September 26, 2007
News last week that the Long Island Rail Road would be expanding its service on the South Fork next month was cause for celebration for many who welcome relief from woefully traffic-congested and "nightmarish conditions" foreseen soon on County Road 39.
The LIRR would provide extra trains each day to make the trip from Speonk to East Hampton and Montauk. Each train would be capable of accommodating 400 passengers.
At its work session on Friday, the Southampton Town Board discussed a memorializing resolution, expected to be voted upon at the town board meeting yesterday, that would authorize Southampton Town Supervisor Skip Heaney to sign a letter of intent between the LIRR regarding the provision of additional rail service during CR39 construction.
Heaney said the expanded service came about after Assemblyman Fred Thiele and Senator Ken Lavalle held a series of meetings, aimed at engaging the LIRR to provide additional train service.
Heaney pointed out that Councilman Steve Kenny, who has been working on the concept for years, was "stonewalled" in the past.
Heaney and the board lauded new LIRR President Helena Williams for facilitating the new service. "The idea of an intermodal bus/rail system for the East End has been hoped for since the early 1990s," said Heaney. "It is the new attitude of the LIRR that makes the pilot project possible." Heaney also appreciates the "inclusive manner in which Assemblyman Thiele has guided the planning of this project."
Although state and federal officials are providing grant funding for the initiative, the towns of Southampton and East Hampton have been asked to provide the bus and shuttle service necessary to take riders from the railroad stations to their places of employment.
Critical to the success of the project, said Heaney, is "a bus schedule people can depend on." North and south connections are critical and important to ensuring that commuters get to work on time.
The project, which has federal and state money to support the operation of the pilot commuter schedule, will begin on October 23, and continue for approximately seven months. "Its timing, ten days after the end of the 'cone' program, is a welcome beginning of a viable, reasonably priced alternative to traffic congestion during those periods when construction will add to the difficulty of traveling to work in the morning hours," said Heaney.
And at a cost of $2.25 per trip, the board agreed that it is an affordable option – "a bargain," said Heaney – and fast. Heaney pointed out that it would take approximately 11 minutes to get from Hampton Bays to the LIRR train station in Southampton Village. Based on such pluses, "providing a shuttle for employees is a minor chore," said Heaney.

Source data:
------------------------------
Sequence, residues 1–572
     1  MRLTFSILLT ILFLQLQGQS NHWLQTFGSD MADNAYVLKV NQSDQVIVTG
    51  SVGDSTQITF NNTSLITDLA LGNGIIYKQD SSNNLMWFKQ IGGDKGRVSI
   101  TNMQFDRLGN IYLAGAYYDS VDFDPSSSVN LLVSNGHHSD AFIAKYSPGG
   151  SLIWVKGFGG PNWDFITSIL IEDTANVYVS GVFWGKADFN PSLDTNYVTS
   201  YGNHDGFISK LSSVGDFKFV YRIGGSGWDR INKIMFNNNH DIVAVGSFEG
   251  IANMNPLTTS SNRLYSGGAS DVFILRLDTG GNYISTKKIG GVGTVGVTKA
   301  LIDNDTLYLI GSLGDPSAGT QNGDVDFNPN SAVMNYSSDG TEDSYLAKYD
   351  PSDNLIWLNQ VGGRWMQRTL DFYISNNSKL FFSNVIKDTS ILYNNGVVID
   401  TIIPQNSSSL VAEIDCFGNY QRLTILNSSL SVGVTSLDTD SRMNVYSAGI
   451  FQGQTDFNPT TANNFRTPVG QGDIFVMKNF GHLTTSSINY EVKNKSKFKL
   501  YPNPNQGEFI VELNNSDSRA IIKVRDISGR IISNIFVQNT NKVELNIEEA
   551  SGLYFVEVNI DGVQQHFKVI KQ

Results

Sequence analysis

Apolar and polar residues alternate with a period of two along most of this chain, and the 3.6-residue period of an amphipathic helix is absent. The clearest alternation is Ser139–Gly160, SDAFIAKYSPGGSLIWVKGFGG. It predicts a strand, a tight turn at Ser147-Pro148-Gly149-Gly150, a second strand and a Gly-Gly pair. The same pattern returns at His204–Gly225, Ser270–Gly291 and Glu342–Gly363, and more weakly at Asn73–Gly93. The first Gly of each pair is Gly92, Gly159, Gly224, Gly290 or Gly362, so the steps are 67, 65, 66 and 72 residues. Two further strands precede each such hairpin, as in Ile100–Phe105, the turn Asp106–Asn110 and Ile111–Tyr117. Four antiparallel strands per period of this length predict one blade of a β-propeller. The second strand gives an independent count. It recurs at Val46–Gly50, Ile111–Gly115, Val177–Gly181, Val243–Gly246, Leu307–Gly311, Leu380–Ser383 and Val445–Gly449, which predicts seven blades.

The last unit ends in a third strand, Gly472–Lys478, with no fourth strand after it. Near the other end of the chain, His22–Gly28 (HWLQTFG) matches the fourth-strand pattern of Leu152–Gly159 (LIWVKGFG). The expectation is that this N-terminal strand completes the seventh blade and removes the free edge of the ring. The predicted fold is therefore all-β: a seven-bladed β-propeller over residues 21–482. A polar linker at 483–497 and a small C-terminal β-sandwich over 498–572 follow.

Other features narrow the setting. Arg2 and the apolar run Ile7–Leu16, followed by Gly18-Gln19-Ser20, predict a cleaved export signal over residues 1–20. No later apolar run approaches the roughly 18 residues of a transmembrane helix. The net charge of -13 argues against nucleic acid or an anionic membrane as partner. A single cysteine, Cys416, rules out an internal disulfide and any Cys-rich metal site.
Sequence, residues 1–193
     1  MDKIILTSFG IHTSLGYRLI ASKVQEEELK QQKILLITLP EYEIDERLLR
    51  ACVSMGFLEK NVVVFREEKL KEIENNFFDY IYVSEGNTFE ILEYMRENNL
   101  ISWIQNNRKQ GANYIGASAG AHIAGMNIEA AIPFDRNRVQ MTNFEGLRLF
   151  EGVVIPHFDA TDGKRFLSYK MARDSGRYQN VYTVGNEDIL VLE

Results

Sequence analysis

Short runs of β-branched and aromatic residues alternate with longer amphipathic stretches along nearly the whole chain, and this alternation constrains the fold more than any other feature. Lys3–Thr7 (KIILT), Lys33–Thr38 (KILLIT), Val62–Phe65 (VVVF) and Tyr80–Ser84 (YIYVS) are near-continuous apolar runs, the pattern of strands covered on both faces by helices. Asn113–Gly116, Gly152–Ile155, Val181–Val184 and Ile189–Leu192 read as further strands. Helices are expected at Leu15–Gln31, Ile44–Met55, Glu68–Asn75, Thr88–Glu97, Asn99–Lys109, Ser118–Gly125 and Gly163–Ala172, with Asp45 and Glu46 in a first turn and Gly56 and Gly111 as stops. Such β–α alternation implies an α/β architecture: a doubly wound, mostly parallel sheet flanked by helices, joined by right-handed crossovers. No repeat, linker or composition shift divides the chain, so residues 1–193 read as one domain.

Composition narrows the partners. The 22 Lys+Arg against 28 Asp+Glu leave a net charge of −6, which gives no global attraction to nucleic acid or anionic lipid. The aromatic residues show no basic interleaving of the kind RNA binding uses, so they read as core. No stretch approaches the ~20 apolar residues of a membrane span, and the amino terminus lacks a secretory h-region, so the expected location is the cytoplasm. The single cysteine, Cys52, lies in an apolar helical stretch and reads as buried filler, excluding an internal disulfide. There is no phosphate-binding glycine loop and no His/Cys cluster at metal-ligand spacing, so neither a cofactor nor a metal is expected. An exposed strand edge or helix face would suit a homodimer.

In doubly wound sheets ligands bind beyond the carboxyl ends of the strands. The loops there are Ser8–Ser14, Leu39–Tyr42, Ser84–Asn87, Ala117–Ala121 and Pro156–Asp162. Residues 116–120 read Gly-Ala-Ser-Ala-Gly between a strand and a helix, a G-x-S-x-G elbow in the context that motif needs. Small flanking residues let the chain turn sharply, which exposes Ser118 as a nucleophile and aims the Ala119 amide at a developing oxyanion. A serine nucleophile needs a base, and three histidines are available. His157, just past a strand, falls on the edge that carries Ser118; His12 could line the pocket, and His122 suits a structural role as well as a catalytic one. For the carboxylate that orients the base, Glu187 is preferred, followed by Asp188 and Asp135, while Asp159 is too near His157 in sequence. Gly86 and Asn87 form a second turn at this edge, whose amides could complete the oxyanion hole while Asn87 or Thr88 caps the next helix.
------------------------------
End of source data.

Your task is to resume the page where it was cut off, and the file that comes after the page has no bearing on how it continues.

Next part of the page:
The supervisor pointed out that the Southampton Business Alliance and major employers such as Southampton Hospital, the school district, and others in areas such as Bridgehampton and Sag Harbor have worked together to survey the willingness of employees to take public transportation and coordinate schedules.
Results, said Heaney, have been eye-opening: "Ninety percent of the staff of Southampton Hospital lives west of the canal."
Heaney said it's important for the town not to fail in its mission, because moving forward, the initiative might serve as role model for continuance of such light rail service, and future reliance on public transportation and a shuttle long recommended by the Five Towns Rural Transit, Inc.'s study. "We need to make this work," he said, so there will be no argument that "this is not a feasible idea."
In the past, said Heaney, the LIRR's argument for not adding service was "lack of ridership." He added the capability to add expanded service was always present.
Originally, the town was presented with two schedules but chose an option with two runs that would allow workers to arrive at the office on time, with an earlier train for those going to school. And, while Bill Jones, the Southampton Town director of human affairs, said return routes are "not perfect,' the goal is to work to accommodate employees. He reminded that these shuttles were in addition to regular LIRR service.
Next, bus routes will be laid out, said Heaney. And, since the town already has the 13 buses and drivers, "Our cost is really minimal." Cost to the LIRR will be $84,000 per month.
Some employers have agreed to donate use of their vans to transport their own workers.
The project got a similar welcome in East Hampton. Last Thursday night the East Hampton Town Board passed a resolution acknowledging the inter-agency partnership, and the responsibility for local municipalities to provide shuttles from the train stations to business centers. East Hampton Town Supervisor Bill McGintee said he was working with local business and school districts to co-ordinate the service.
Councilwoman Deb Foster lauded the measure as the first "realistic" effort to encourage people to use alternate means of transportation. "I'm urging people to use it," she said. Councilman Pete Hammerle said the next step would be to figure out how to do it on a regular basis throughout the day.